Finance, undoubtedly, is one of these key issues. Long considered a magic black box, finance has become the object of increasing public scrutiny in the last decade. Starting with the financial crisis in 2007 and accumulating through the Panama and Paradise Papers, the financial sector has gained a reputation for harboring sinister and impenetrable schemes. Despite this critical consensus, the industry remains out of reach due to its real or perceived complexity. Brett Scott gives the example of the Commerz Bank in Frankfurt, its institutional architecture inducing a sense of overwhelming smallness, abstracting its activity behind towering glass walls. The next image shows the bank’s urinals facing the same windows, gleefully inviting its users to relieve themselves above the city. Yet, as one participant with a background in finance points out, even employees of the sector don’t fully understand its workings. Attempting to break down the technical aspects of finance, we are led on a presentation of some of its basic structures: from its inseparability from the economic system to the way money works; how banks operate from ledger systems to fractional reserve banking; and how investment banking adds layers of complexity to it all, culminating in abstract metafinance – finance for finance’s sake.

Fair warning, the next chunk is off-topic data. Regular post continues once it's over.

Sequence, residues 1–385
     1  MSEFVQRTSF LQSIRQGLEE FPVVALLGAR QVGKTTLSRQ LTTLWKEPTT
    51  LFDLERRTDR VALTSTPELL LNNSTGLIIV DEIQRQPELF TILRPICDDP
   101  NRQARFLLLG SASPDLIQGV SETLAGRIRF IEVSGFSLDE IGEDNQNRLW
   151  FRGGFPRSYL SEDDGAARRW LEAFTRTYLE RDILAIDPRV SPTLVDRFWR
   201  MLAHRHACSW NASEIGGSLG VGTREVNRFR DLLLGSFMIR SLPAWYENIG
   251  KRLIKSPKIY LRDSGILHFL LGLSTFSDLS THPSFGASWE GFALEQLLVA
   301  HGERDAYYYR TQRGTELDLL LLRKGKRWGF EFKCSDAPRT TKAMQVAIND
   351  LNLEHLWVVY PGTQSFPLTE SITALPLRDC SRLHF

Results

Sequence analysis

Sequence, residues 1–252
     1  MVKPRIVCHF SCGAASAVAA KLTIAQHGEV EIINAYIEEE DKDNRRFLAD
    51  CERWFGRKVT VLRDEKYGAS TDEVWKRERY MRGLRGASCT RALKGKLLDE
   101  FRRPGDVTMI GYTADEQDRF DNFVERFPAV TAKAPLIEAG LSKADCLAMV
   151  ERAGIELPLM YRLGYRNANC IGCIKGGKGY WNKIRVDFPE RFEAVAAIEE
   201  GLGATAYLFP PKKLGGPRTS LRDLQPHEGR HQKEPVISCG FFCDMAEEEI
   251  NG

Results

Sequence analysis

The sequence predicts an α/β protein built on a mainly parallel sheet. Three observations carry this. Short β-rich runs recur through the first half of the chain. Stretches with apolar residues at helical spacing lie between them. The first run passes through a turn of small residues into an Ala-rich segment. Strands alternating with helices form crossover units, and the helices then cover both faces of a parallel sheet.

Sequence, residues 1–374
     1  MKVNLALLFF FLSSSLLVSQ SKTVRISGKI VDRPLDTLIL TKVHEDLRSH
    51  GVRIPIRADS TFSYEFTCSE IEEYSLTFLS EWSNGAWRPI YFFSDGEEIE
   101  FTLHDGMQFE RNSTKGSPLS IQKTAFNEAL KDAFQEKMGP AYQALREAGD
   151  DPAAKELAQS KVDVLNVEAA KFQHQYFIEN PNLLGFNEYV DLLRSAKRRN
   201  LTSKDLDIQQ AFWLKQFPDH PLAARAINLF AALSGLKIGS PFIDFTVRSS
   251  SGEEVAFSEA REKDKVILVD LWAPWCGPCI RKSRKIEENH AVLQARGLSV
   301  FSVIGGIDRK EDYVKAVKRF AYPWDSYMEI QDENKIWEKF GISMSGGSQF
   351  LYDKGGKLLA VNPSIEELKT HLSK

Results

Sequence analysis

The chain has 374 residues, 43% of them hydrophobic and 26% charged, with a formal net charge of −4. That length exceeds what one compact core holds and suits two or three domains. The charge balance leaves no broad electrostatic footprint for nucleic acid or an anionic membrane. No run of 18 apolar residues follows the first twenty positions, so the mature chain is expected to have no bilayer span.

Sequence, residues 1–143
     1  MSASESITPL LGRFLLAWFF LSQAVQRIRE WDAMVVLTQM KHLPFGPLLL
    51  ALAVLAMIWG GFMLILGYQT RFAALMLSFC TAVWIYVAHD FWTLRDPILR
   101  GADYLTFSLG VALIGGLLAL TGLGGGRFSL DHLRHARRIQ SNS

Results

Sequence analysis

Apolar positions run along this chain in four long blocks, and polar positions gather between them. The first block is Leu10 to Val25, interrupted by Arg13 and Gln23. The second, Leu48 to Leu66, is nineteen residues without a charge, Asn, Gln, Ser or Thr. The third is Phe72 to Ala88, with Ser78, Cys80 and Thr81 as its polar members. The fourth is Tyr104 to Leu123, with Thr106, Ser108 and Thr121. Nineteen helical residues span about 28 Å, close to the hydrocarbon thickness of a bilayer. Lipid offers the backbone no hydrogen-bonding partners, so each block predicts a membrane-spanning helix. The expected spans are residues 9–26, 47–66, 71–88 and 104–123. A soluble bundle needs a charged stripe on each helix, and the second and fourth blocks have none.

Slightly dazed by an afternoon of cognitive effort, we gather for an unusual stretching session. Luce Goutelle introduces us to the concept of Open Outcry, a system of financial trading in which dealers signal and shout their bids aloud. This form of communication uses a wild array of hand signals, used on the trading floor to signify which contracts are traded through which banks. Notable examples include a two-fingered mustache for Deutsche Bank and an act of air-saxophone for Goldman Sachs - a double pun used by the French as a reference to Jean-Jacques Goldman, cultural icon and noted saxophone enthusiast. Stretching bodies and meaning alike, we play on the power of imagining new strains of discourse.